The P.B.O.A.T. beckons from her swing in front of the Christmas tree. Time for another feeding, and a few more pages on the Kindle.
Tuesday, December 15, 2009
So it looks like it's been a year. More than a year. I could go on and on about that, or just trust you to understand that a lot has changed in the intervening time. Most saliently, I am now a mother. My baby girl, V., my most ambitious and promising DIY project ever, was born on November 1. She fills me with all kinds of plans, most admittedly dependent on having all kinds of time that I never have been good at safeguarding but swear I will learn to be now that she's my Everything that's at stake.
To wit, this item discovered by browsing my alumni magazine tonight: Oliver and S., a children's sewing pattern company evidently begun by an old college classmate of mine. That V. is on the receiving end of a hand-me-down supply chain so awesome and intense that the girl may never wear the same onesie twice doesn't mean that I don't want to be the kind of mother who makes her all of her favorite clothes. Who makes her all of her favorite clothes out of custom-printed fabrics, even, although I admit that could be a little obsessive. Who freelances or owns her own business or finds some way to keep her little girl by her side every day. Or even if she can't, who fills the time they do have together with fun they make with their own four hands.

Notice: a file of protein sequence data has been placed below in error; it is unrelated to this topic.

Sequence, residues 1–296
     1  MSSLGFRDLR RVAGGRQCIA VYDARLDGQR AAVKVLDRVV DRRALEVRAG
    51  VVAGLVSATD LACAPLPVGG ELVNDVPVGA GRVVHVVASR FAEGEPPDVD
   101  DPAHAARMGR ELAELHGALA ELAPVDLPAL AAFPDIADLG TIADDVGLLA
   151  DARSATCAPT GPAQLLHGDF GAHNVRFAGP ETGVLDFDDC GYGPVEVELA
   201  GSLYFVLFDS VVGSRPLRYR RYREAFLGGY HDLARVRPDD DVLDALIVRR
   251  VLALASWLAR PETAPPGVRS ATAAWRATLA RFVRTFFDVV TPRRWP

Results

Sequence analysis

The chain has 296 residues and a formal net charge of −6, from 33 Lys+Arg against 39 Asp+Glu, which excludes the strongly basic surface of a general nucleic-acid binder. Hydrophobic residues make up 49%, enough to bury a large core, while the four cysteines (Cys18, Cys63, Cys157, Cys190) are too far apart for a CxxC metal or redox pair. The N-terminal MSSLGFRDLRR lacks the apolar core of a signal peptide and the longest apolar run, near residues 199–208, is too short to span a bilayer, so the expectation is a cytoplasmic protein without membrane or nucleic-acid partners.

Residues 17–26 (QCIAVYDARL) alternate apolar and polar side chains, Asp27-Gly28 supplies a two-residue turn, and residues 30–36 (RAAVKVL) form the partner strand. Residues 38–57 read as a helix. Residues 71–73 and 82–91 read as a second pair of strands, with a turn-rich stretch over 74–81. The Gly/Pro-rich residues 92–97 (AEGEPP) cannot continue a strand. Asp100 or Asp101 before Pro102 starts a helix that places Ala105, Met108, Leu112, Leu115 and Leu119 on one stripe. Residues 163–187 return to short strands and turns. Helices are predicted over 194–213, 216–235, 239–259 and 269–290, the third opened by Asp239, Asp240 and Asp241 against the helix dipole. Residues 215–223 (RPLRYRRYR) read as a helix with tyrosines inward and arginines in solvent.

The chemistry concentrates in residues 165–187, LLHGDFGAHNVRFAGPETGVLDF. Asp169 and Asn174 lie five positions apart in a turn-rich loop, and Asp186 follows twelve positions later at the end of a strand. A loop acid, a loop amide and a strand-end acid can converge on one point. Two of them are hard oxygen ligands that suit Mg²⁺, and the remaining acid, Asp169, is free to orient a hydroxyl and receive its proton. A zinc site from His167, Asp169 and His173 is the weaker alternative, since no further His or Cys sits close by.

She's napping now. Time to clear off my sewing machine.
Wednesday, November 19, 2008
Don't think that I don't know that I do this. That I start things. That much, much later, as it turns out (as it will turn out), I will never finish said things. That I cut out pants that I translate from the Dutch that I bellydance on Wednesdays that I can my own sauce that I'm a blogger a knitter a salsera that I'm a crooner and a wife. That I am crooning. That eventually, like just now, between the third and the fourth poem, I'm not even listening anymore, that I've bored of my brewing my apples my half marathon in February. My stockings and my garter belt. The funny thing is that the people I like best tend to do the same things over and over. And over. I know. What can I say except that I'm sorry. Except that I'm here. Again. Now.